22. J.J. Says:

    CW: “The consequence of not getting health insurance is that you risk getting a really big bill which you are required to pay if you get sick or hurt. Problem solved.”

    The real truth is that everyone in this country gets healthcare. Everyone. It’s not what we would like, but EMTALA, which was passed in 1986, makes it a crime to turn anyone away from an ER regardless of their ability to pay. Illegal immigrants and many poor people know this and get their routine care at ERs. Additionally, most big city ERs have a plethora of drug overdoses, gun shot wounds, stabbings, drunk driving accidents, etc. that will never be paid for because the patients are indigent. All that pro bono work is paid for by people who have insurance. Medicare pays much less than what most insurers pay and that shortage must be made up. Medicaid pays even less than Medicare. More shortages to be made up. That is why health insurance costs keep going up. The big argument that no one is addressing is, who pays? The cost shifting by medical providers is why medical costs are so opaque. They don’t want anyone to know who pays what. I don’t know, but suspect that some hospitals may be making huge profits. I know our local hospital, a regional non-profit, pays its administrative staff very handsomely. CEO makes $500,000.

    I once asked a doctor what a procedure would cost and he looked at me like I was crazy. He said, “You’ve got insurance, don’t worry about it.” Yeah, but my insurance only paid 80% of the bill. I wanted to know what my out of pocket costs were going to be. 20% 0f $50,000 is big money for me.

    CW: “My response: Obamacare repeal WITH the kind of transition Paul Ryan & Co. are proposing is fraught with peril for the future of all Americans.”
    That’s right up there on a par with: “Trump is going to create a fascist state.” Hyperbole a bit?

    Frog: “85% of the uninsured before Obamacare were enrolled in Medicaid through the exchanges. Eighty-five per cent! An equal number, roughly, have become effectively uninsured due to Obamacare with its engendered high premiums and high deductibles.”

    Yes, Obamacare is awful. What I do know is what Obamacare has done to our daughter, a small business woman. Her Obamacare premiums and deductibles have doubled, she had to find a new doctor, and in 2017 she has only one choice of insurers. She makes just a bit too much to get any subsidies, so she pays the full premiums with after tax dollars. She is thrilled by the new plan. Her premiums may not go down, but she will be able to choose from several insurers and find a plan that fits her needs. – as it was for her before Obamacare. That she will get a bit of tax credit also makes her happy. At least that’s what she tells me.

  23. CW Says:

    @J.J.:

    I’m well aware of EMTALA, having written about it myself more than 3 years ago:

    http://commonsensematters-cw.blogspot.com/2013/11/ronald-reagan-emtala-roots-of-obamacare.html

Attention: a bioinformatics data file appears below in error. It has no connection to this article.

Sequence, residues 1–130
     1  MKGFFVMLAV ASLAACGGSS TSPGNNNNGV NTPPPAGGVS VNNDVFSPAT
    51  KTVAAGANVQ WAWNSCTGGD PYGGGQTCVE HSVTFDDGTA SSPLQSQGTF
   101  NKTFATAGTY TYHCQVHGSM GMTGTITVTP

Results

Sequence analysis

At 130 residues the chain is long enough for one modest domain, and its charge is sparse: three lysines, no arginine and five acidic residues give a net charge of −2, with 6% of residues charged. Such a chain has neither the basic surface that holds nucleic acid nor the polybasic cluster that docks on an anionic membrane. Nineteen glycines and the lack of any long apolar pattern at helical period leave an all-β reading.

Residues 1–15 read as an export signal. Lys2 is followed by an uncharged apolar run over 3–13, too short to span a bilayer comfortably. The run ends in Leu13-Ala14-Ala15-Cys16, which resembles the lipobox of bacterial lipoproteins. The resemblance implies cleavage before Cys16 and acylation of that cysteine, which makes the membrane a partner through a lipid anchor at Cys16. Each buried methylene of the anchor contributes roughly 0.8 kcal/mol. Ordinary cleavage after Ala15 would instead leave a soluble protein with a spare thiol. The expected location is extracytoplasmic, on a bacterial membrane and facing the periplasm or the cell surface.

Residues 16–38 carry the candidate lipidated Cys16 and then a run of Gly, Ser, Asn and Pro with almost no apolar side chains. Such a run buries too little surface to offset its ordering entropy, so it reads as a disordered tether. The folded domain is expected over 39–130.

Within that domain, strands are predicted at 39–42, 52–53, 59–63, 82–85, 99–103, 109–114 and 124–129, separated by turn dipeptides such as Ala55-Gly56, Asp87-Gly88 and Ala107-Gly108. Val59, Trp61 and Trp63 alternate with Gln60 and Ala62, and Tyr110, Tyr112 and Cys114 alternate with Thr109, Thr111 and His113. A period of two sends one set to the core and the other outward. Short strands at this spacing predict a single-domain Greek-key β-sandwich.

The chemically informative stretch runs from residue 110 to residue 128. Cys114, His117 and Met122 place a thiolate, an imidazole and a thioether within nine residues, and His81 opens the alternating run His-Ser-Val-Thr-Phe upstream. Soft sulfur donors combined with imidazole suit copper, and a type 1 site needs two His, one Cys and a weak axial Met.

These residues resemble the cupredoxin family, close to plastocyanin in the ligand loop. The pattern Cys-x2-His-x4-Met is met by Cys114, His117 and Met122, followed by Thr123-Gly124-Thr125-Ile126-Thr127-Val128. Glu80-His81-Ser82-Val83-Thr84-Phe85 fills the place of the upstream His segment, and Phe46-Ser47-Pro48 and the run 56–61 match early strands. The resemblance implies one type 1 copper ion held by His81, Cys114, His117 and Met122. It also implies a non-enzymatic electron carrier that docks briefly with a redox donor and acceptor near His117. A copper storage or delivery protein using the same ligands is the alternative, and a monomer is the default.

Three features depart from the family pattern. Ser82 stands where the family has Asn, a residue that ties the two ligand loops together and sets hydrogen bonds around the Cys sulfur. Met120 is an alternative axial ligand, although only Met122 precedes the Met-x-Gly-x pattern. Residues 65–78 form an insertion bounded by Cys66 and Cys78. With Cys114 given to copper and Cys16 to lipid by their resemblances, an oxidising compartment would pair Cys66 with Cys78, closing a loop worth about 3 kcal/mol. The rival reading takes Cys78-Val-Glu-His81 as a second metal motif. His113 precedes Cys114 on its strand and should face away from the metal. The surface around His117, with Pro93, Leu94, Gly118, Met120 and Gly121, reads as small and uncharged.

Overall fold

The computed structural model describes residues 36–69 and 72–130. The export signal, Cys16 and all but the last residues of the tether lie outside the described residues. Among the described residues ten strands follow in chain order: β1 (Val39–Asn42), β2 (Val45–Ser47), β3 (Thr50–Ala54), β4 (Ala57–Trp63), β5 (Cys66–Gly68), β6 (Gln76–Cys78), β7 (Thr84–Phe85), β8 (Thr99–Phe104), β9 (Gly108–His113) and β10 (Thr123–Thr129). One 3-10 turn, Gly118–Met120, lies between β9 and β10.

I disagree with this mandate and think Republicans would be wise to repeal it, which they won’t; but even this homage to failed judgment could be rectified if we just said: “Okay, we’ll treat you if you come to the emergency room without insurance, but we’re STILL going hold YOU responsible for the bill, and not make up the cost of your treatment by raising costs on everyone else.” Don’t you think more people would go ahead and buy insurance rather than take the chance that they end up with a big fat bill for a trip to the emergency room? And if they didn’t, so be it. Put them on a payment plan and let them pay THEIR bill. Why is that so hard and so inconceivable?

    I’m befuddled by you, because you go through the trouble of explaining to me why health insurance costs are soaring, i.e. because the insured essentially absorb more and more of the cost of treating the uninsured and government insured, but apparently you’re okay with the Paul Ryan plan that continues this dynamic. We should be working towards weaning every able-bodied person from their dependence upon strangers.

    And to answer your question, NO it is not hyperbole at all to say that the current GOP plan to replace Obamacare is fraught with peril for the future of all Americans for precisely the dynamic you described above where, instead of reducing costs by restoring the free market and personal responsibility, we simply keep passing the buck to whomever we can to foot the bill. It’s sending us down a very dangerous path as a nation, where government meddling and coddling become the norm and there are fewer and fewer natural market forces to stabilize costs. It cannot last. Just look at what’s happening in Venezuela as a consequence of the socialist mindset and demise of personal responsibility. Yes, that’s a drastic case, but we’re moving in that direction rather than away from it.

    Do a little research and see a chart of what’s happened to the number of people on Medicaid and the cost. Notice how the graph line keeps going up and up. You tell me where it ultimately ends if we don’t say enough is enough.

  24. neo-neocon Says:

    CW:

    “…should repeal but they won’t.”

    Do you think they have 60 votes to do so? Or do you think they should end the filibuster forever to do so? Do you think total repeal vs. the piecemeal replacement is worth making that move?

    Personally, I think that repeal is a red herring. I couldn’t care less if they totally repeal and then replace, or basically replace and accomplish a de facto rather than de jure repeal through a process of legislation, more legislation, and executive action.

  25. Ymarsakar Says:

    The powers that be are husbanding the precious medical resources pulled from dead infants.

    They offer you a bone called THC. Just be happy with that for your ‘health care’ until you get euthanized.

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Previously a lifelong Democrat, born in New York and living in New England, surrounded by liberals on all sides, I've found myself slowly but surely leaving the fold and becoming that dread thing: a neocon.